Buying a company as a subsidiary can also help with marketing.  Consumers like to invest in familiar brands. For example, Marvel Entertainment is a wholly-owned subsidiary of Disney and yet remains distinct from the parent company. Given Marvel’s rich history, many feel a strong attachment to their comics and films. The diversity of Disney’s assets allows them to compete on every level of the media market, without sacrificing their core brand. 

At the same time, if any subsidiaries are sued, the parent company can remain distant. This is a bonus if they save money. It can also be useful for branding, as companies don’t want to risk their image. For example, the reputation of the News of The World newspaper was ruined by the 2006 Phone Hacking Scandal. Although their parent company News UK (then, News International) had to pay some damages, they still publish widely read newspapers such as The Sun and The Times.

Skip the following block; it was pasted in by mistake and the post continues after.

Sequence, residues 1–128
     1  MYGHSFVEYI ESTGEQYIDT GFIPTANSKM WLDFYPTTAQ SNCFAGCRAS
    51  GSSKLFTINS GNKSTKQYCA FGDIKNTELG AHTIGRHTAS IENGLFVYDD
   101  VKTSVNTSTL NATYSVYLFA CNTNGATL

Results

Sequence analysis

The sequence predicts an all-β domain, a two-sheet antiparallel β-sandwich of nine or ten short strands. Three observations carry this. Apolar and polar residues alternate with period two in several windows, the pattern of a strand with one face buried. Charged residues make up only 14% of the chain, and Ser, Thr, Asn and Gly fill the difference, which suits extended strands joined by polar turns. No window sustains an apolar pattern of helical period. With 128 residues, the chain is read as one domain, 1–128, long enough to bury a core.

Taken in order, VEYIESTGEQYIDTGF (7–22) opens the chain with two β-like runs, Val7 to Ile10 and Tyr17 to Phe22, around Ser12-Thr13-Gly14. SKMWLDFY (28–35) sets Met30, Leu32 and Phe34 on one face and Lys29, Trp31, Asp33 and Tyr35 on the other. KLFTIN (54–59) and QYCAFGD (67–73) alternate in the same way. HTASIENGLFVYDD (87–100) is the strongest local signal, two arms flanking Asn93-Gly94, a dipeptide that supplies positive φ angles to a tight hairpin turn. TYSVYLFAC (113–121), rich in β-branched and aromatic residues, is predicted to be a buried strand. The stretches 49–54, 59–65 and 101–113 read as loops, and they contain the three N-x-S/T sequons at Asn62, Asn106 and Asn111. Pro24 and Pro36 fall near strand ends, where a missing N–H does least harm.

What makes a subsidiary successful?

We’ve looked at subsidiaries from across different sectors. Some of them are successful, and some less so. The most impressive are the ones that maintain their own brand while taking advantage of the parent company’s resources. With subsidiaries, companies can expand into new markets and improve the structure of their business.

Above all, a successful subsidiary is built on communication. When everyone on the subsidiary’s board understands their relationship with the parent company, they can move forward effectively. This is good for the subsidiary and the parent company. It can also help to avoid situations like the Enviroco court case. 

A board portal like Convene can help streamline communication within your company. With smart features such as shared annotations, instant voting, and action items, you can make sure your team is all on the same page.

Lucy Palmer

Written by Lucy Palmer